Posts Tagged ‘memory’

Jarred

August 12, 2018

“What will I do when the flowers he gave me die?” I sobbed.

“You’ll buy more flowers,” he told me gently from across the table, sympathy in his warm eyes.

I will buy more flowers, I told myself today.

As.

I threw away the flowers that he had given me the last time he saw me.

Not one bouquet.

But two.

We had a two-day good-bye swan song.

Sad love-making in the sheets, the fragrances of flowers sweet.

I thought.

Maybe I should save a flower.

Press it into the pages of the notebook I have been writing in.

I have been writing love letters to him.

I do not know if he will ever see them.

Although.

Yes.

I did tell him before our goodbyes that I was doing that.

Filling a notebook with all my thoughts of him.

I told him he could have it when he comes for me.

How apropos then.

To press a flower from the last bouquet into those pages.

But no.

I could no do it.

It felt common.

And our love was, and is, I am not done loving him yet, nor may I ever be.

Our love was.

Uncommon.

No soft faded flowers between the pages of a notebook for him.

I threw out the wilted flowers.

I put them in the compost bin.

I tossed the old water into the bushes in front of the house.

I felt nothing.

Perhaps a twinge of weak sorrow as I closed the green lid of the bin over the bright flagging flowers.

But nothing more.

So.

I was surprised.

Taken aback.

Abject and sorrowful when unexpected grief visited me as I put away the dishes in the dish rack.

Two Mason jars.

Touching them I realized those jars held the last flowers I was ever going to get from him.

My eyes then as now, flooded with tears.

How could there be so much sorrow in a Mason jar?

They are meant to hold fireflies and butterfly cocoons.

They are the promises of preserves in deep winter that remind of summer bounty.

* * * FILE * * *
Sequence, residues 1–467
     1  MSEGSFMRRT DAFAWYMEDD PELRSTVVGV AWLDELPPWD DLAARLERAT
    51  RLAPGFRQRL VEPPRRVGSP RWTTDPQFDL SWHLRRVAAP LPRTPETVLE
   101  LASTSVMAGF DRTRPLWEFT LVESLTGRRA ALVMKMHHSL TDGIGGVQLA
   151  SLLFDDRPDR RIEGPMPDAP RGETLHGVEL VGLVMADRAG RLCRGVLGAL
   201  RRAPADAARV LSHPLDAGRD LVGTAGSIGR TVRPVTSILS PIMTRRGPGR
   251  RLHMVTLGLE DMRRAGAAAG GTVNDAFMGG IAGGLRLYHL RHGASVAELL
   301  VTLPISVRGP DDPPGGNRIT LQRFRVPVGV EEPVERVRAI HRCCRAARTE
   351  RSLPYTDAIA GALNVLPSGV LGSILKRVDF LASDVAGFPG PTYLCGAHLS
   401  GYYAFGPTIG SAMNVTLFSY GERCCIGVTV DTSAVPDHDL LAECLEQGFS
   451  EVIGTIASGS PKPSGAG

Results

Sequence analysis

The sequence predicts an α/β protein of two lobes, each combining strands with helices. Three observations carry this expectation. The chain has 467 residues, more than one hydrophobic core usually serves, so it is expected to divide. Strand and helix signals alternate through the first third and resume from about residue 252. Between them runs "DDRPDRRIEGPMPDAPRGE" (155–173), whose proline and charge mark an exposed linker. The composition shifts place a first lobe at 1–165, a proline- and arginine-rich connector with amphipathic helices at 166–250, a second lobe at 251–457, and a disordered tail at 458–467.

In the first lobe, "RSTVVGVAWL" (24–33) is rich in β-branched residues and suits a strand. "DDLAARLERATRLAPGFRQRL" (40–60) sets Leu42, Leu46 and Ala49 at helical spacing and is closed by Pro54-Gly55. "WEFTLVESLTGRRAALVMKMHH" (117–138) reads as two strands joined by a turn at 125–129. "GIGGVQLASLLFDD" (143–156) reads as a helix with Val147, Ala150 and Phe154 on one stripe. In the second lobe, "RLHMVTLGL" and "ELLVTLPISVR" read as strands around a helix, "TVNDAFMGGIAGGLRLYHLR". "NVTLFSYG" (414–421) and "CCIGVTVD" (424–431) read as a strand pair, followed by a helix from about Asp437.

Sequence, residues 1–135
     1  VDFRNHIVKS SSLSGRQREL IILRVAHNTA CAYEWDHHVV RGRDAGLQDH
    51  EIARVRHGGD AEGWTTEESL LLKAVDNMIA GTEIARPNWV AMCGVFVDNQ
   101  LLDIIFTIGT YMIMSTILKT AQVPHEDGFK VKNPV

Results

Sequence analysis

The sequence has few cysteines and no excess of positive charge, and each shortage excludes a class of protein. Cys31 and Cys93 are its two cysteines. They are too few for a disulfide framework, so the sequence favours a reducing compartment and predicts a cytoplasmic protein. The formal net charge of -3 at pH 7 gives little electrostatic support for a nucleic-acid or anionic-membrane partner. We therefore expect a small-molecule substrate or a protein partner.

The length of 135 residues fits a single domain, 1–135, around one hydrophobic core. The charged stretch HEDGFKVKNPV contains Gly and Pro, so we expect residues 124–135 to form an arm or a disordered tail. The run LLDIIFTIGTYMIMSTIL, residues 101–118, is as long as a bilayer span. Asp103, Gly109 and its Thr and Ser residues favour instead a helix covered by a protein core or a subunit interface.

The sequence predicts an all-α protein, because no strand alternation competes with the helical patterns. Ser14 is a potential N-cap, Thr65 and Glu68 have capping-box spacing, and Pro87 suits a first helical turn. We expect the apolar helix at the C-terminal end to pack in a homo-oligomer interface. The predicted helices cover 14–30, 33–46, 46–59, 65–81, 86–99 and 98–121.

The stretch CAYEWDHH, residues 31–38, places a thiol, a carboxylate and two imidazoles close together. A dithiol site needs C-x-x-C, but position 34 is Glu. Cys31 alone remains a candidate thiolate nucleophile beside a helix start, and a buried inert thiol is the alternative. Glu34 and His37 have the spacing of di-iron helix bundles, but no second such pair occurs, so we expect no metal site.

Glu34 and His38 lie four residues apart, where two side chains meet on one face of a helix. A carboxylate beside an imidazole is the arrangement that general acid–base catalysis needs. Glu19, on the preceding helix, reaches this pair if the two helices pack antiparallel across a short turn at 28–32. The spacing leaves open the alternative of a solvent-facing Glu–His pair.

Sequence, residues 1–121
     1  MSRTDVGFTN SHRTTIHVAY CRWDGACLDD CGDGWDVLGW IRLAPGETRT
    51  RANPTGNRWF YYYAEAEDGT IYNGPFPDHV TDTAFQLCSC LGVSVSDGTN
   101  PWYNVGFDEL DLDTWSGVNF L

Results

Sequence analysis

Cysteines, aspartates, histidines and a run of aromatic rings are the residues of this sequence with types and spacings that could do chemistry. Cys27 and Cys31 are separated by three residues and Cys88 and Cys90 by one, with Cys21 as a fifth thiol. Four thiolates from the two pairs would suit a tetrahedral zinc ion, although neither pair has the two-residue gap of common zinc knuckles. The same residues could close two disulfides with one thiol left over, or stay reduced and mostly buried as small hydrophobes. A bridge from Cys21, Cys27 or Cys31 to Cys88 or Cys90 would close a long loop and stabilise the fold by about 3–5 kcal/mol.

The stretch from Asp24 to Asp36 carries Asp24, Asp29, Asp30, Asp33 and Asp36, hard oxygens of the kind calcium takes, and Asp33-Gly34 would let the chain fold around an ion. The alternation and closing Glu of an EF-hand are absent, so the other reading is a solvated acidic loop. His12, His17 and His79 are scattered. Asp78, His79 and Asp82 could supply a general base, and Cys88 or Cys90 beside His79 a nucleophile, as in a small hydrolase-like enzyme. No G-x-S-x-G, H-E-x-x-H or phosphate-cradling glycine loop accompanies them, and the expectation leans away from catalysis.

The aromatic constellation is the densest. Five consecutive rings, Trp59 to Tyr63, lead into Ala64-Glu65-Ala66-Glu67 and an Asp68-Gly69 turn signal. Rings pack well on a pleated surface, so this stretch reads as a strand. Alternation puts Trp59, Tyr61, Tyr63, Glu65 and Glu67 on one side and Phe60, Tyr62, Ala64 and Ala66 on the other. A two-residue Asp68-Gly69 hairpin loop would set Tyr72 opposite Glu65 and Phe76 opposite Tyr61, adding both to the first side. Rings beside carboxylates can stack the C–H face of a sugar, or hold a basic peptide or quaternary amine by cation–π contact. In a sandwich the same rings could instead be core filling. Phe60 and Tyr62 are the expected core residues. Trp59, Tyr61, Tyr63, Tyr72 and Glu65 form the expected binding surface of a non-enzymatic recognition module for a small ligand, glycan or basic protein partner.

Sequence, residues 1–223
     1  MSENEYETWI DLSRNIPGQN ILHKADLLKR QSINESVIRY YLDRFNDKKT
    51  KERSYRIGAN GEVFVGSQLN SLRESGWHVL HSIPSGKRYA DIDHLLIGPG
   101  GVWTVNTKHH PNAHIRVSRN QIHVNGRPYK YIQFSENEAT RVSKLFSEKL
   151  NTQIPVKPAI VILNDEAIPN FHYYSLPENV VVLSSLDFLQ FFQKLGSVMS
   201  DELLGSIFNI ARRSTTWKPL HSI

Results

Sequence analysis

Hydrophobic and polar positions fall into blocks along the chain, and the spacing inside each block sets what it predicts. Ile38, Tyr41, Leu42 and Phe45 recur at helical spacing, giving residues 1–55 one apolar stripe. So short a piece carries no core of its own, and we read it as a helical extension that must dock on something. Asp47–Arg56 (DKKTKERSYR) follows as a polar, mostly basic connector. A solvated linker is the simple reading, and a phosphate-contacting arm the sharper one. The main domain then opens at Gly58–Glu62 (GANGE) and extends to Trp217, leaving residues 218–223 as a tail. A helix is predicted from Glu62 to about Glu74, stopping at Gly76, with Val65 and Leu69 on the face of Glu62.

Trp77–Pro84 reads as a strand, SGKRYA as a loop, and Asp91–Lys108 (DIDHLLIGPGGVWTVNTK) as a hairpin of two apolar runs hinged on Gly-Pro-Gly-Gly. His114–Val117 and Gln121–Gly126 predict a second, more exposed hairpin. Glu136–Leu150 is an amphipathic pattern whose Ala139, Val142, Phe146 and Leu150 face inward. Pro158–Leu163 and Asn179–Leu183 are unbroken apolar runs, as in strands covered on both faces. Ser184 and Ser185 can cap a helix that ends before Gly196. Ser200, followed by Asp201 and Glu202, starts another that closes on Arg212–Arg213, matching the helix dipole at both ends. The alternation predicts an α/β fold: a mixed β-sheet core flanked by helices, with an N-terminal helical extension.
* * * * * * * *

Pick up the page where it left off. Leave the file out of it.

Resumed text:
They are the holders of sustenance on my kitchen counter–brown rice, oatmeal, sea salt, coffee beans.

And now.

Mason jars mean no more flowers from you.

The tears on my face now a river.

Thinking of all the flowers you gave me over the time we were together.

Especially.

The biggest bouquet ever.

The one you held out to me full of pink and cream and orange star-gazer lilies.

They, the stems of glory and suffused adoration, under lit your face and splattered the soft glow of love shine in your eyes.

Your eyes.

So open and tender and terrible with vulnerability.

The last time I had seen those eyes they had told me how they were in love with me.

That bouquet, then, ws the first you gave me after the first time you said “I love you.”

Which was not said quite like that.

You actually said, “I love you too, so much!” and threw your arms around me, reaching for me in that moment that I felt you would always, always, always be reaching for me.

The love a fountain of flowers and light.

I will never forget that bouquet, your eyes, your face.

Even if I cannot bring myself to use that Mason jar for a while.

I know it is there.

The receptacle that held the love.

Which now.

Just holds memories.

Mementos.

The ghost flowers of love.

 

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The Jumping Off Place

August 1, 2018

I was talking to my therapist about all the things today.

All the things.

My God.

So much to cover.

It’s been a busy few weeks since last I saw her.

The buyout happening.

Looking for a new place to live.

My upcoming interview with another private practice internship.

Relationship stuff unfolding.

Going back to work.

My PhD program starting in less than a month.

Paris.

France.

My relationship with Paris and France and how I have always looked for something there, something intangible, but with a similar feel for what I have looked for when I have gone to Burning Man.

That I’m not going to Burning Man this year.

And.

That I don’t feel at all bad about that, it feels right.

There is so much transition happening.

I am grieving the loss of my home.